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I13 Variability In Interval Production Is Due To Timing Dependent Deficits In Early Huntington’s Disease
  1. AK Rao1,
  2. J Uddin2,
  3. K Marder3,
  4. BC Rakitin3
  1. 1Department of Rehabilitation Medicine (Physical Therapy), and G. H. Sergievsky Center, Columbia University, New York, NY, USA
  2. 2Department of Rehabilitation Medicine (Physical Therapy), Columbia University, New York, NY, USA
  3. 3G. H. Sergievsky Center,Taub Institute for Research on Alzheimer’s Disease and the Aging Brain, and Departments of Neurology and Psychiatry, Columbia University, New York, NY, USA

Abstract

Background In Huntington’s disease (HD) increased variability is seen in performance of motor tasks that require implicit control of timing. We examined if timing variability was also evident in an explicit interval-timing task.

Methods Sixty subjects (21 controls, 19 manifest HD and 20 pre-manifest HD) performed a single interval production task with three target intervals (1.1s, 2.2s, 3.3s). We analysed accuracy (proportional error) and precision (standard deviation) across groups and intervals.

Results No differences were seen in accuracy across groups or intervals. Precision was significantly lower in manifest (p = 0.0001) and pre-manifest HD (p = 0.04) compared with controls. This was particularly true for pre-manifest subjects close to diagnosis (based on probability of diagnosis in five years). Precision was correlated with proximity to diagnosis (r2=0.3, p < 0.01). To examine the source of reduced precision, we conducted linear regression of standard deviation with interval duration. Slope of the regression was significantly higher in manifest HD (p = 0.02) and in pre-manifest HD close to diagnosis (p = 0.04) compared with controls and pre-manifest participants far from diagnosis.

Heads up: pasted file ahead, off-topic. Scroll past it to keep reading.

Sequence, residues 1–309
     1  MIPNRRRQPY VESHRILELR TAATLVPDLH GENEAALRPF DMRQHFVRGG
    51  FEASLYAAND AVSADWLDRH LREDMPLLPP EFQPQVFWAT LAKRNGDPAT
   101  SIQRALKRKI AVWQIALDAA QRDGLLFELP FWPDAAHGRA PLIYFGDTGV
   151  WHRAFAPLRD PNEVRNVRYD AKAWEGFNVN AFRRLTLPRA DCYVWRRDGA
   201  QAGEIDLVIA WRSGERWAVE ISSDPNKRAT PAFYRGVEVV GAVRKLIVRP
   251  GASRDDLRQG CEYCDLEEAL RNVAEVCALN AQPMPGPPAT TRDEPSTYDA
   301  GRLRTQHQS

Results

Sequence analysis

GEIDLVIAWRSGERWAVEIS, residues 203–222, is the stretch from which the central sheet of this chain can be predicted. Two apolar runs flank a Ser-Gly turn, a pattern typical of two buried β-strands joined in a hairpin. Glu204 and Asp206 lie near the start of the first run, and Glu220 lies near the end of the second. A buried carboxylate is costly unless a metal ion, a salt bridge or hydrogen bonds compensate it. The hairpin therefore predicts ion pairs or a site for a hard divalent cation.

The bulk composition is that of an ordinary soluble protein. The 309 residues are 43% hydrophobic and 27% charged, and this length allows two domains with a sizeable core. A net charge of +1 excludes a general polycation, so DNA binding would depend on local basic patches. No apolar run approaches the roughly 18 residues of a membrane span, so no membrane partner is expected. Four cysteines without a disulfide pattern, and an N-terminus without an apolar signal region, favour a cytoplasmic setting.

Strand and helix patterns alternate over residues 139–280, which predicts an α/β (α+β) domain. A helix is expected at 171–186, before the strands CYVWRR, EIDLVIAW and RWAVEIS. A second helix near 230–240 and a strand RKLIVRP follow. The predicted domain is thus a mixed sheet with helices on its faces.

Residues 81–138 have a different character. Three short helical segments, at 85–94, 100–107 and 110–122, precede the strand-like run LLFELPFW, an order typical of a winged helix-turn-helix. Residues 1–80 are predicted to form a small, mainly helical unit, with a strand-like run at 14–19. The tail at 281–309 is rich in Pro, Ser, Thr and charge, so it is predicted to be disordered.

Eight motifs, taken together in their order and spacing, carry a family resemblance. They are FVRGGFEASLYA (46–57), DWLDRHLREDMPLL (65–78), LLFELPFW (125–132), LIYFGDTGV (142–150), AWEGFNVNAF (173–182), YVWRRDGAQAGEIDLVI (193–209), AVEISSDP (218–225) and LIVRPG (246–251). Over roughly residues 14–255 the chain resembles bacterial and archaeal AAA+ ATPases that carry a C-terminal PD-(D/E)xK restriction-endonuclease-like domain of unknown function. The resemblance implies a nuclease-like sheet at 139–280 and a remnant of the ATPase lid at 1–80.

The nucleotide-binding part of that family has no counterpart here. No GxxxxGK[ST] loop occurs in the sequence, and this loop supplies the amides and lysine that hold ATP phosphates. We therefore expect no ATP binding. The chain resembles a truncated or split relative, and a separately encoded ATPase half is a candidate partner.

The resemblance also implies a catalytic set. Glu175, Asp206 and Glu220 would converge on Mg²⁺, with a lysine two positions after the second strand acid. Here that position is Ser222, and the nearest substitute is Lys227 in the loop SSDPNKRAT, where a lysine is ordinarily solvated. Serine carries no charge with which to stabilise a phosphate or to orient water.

Conclusions Timing precision is impaired before clinical diagnosis in Huntington’s disease. Slope analysis suggests that timing variability (decreased precision) was due to deficits in timing dependent processes. Our results provide additional support for the proposal that the basal ganglia are implicated in central timekeeping functions. Since the single interval production task was sensitive to deficits in pre-manifest HD, temporal precision may be a useful outcome measure in future clinical trials.

KeyWords
  • Huntington’s disease; pre-manifest
  • timing
  • interval production
  • variability

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